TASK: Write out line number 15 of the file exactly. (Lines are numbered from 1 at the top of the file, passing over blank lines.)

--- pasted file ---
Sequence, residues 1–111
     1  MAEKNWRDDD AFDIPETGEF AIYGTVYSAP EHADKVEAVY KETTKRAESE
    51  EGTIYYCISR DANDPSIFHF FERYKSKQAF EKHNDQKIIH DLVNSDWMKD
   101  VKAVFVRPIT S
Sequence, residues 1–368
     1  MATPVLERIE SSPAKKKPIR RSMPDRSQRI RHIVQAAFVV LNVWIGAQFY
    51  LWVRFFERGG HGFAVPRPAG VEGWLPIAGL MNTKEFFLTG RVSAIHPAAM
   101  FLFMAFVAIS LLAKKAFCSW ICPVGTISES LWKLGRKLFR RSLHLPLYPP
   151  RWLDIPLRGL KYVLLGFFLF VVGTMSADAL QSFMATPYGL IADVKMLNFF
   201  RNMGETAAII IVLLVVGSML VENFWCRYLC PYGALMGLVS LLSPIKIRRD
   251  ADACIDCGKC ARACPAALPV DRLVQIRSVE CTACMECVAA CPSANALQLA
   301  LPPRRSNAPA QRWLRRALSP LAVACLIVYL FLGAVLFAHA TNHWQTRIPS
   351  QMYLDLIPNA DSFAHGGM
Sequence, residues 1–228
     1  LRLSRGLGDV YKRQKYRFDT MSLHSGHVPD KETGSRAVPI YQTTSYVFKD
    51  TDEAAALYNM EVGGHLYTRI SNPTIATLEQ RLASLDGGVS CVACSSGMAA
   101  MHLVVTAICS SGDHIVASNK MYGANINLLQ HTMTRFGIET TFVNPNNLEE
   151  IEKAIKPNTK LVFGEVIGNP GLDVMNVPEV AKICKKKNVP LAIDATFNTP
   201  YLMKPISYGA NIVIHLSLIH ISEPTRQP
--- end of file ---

     1  LRLSRGLGDV YKRQKYRFDT MSLHSGHVPD KETGSRAVPI YQTTSYVFKD